Wednesday, March 28, 2012

Wildflowers and Wildcrafting Wednessday


I was very excited to find two new blog-hops/linkies this week: Wildflower Wednessday, a place to celebrate wildflowers and  Wildcrafting Wednesday...a blog get together not just about gathering and using wild plants, but about all uses of herbs.  

Why am I so excited?  Because I mow around the wildflowers in my yard (the little gifts I didn't have to plant and cultivate).  Because there's tons of gardening linkies but this is the first I've found that celebrates the roadside flowers too!    Because it's hard to find others who look at the "weeds" in their backyard as useful, not just as something to get rid of.     Though I've been dabbling in wildcrafting since high school, I'm still very in-experienced, and I'm looking forward to learning from everyone.  And I'd love to find some other wildcrafters from Texas, too!

My back yard is fairly weedy.  I like to let some "weeds" (like dandelion) grow because they're useful, and others (like the Texas wildflowers I find) because they're beautiful.  But there's a lot of wild plants in my yard I haven't identified yet.  Some are "old friends."  Some are new neighbors, and  taking to heart the West Texas Gardener's warning to "beware of weeds bearing gifts,"  I'd like to know more about them before I let them take over my yard.  If any of you recognize these plants,  you'ld make my day if you help me identify them, or letting me know if they come with any unwanted surprises (like prickers or thorns), or any benefits (like medicinal or culinary uses). 


Know what any of these are?



Flowers smaller than a dime...texasflip on the Garden Forums
thought this was Oenothera biennis (a type of primrose), 
but I'm not sure.  Going to have to take a closer look at the 
plant and compare it to the pictures I googled.

Thanks so much any info you can give me on these plants!  Much appreciated!


IDENTIFIED - THANKS!
These ones I had asked about were identified.
Thanks a bunch!  Haven't had a chance to look them up
to see if they have any uses or problems associated with them.


This is Sherardia arvensis or Field MadderOn Wikipedia it said
that the root could be used as a red dye. Thanks to Teri, from the Garden Forums for identifying this!



Ty from the Garden Forums identified this as a vetch (Vicia sp.).
According to wikipedia, though some types of vetches were once used as a food crop, many are toxic to humans.  I checked at the Texas Forager , and since I didn't see this listed as an edible, I'm avoiding it.  I can say from experience this one is pretty invasive...I left just a few of these plants in my yard last year and now they are covering half of it!  Really need to take a whack at them but I've been too busy trying to root out burr clover, my mortal enemy of the yard.


Ty from the Garden Forums and an anonymous poster helped me identify this as a sandmat spurge, possibly Euphorbia serpyllifolia or Euphorbia nutans. but I'm not sure because there's a ton of varieties of this and I didn't try to go through them all.  If it is that one, wikipedia said the Native American's used this medicinally.  This plant has a really unusual feature I discovered last summer.  The seed pods EXPLODE!  Last summer I was walking where a bunch of these were growing, and I kept hearing a popping sound.  Then I actually felt some of the seeds pop onto my leg!  The picture above was taken just before then.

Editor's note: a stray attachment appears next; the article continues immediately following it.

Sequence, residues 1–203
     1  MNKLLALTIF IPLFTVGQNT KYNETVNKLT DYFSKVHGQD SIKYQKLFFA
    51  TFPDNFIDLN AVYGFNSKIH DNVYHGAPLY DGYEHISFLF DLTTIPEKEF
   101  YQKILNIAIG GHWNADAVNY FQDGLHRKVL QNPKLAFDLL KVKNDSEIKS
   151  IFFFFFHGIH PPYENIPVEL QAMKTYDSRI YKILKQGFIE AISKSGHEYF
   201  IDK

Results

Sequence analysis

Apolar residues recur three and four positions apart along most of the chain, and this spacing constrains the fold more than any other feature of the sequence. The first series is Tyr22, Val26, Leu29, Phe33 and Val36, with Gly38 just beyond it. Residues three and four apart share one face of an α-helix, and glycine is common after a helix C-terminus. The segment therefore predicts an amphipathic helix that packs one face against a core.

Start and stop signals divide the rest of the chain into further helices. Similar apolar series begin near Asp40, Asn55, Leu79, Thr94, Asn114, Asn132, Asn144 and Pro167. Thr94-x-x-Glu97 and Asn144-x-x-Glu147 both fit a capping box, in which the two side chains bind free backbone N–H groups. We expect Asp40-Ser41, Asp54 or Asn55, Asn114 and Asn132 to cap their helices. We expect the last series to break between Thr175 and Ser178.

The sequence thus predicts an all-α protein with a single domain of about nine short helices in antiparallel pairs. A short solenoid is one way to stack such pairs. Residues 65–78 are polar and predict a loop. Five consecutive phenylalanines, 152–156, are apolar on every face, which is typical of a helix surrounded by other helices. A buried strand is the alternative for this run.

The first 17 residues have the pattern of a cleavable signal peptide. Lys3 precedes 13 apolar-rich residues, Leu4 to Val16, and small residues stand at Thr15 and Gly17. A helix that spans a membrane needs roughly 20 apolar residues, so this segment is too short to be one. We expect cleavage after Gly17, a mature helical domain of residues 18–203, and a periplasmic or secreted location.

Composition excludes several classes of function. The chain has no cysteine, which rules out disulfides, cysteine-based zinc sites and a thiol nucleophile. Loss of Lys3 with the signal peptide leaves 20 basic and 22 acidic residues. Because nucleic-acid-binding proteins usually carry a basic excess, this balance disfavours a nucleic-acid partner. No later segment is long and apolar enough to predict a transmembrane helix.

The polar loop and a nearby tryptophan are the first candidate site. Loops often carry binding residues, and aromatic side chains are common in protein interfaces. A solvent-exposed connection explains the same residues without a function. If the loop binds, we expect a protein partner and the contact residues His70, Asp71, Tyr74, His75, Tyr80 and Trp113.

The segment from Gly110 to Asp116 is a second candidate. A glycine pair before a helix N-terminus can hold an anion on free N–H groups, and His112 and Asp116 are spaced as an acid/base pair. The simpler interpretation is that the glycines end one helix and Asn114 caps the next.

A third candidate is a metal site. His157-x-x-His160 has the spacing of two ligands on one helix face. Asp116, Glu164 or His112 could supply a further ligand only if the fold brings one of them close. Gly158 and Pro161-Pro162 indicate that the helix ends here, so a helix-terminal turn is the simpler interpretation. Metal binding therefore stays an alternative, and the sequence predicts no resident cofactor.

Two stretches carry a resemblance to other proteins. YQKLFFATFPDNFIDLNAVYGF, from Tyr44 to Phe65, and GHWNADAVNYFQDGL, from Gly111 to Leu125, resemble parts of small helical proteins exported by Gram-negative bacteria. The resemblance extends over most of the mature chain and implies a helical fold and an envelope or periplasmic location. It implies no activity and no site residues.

(Oh, and the flowers at the top of the page are Wild Primrose...which is actually edible!  You can eat the flowers and new greens. Haven't tried the flowers yet.  The greens aren't bad, but I hate to take much for fear of having less flowers later.) 


6 comments:

  1. I will study these photos Gale and get back to you! Welcome to Wildflower Wednesday, I am so glad to meet another wildflower enthusiast. ....gail

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  2. Good information. I have been thinking about learning more about weeds. I appreciate all the tips and links.

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  3. Anonymous9:03 AM

    I think the vetch is likely hairy vetch. It is a common weed/forage food here in texas. It is very vigorous, and will easily spread, but will die out as it gets hot. Cows like it, but for some reason, black colored cows can possibly get sick from eating too much of it.

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  4. I spent two years in the Hill Country and we went back to California last summer. I sure miss the wildflowers. The flowers two years ago were amazing, we saw so many pretty areas of wildflowers.

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  5. I’ve been following and enjoying your blog for a while now and would like to invite you to visit and perhaps follow me back. Sorry I took so long for the invitation

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  6. Anonymous12:27 PM

    I think a better name for the Euphorbia is E. nutans based on the large leaves and what looks like a little hair on the stems. Also, I think the Oenothera is probably O. laciniata. Hope this helps!

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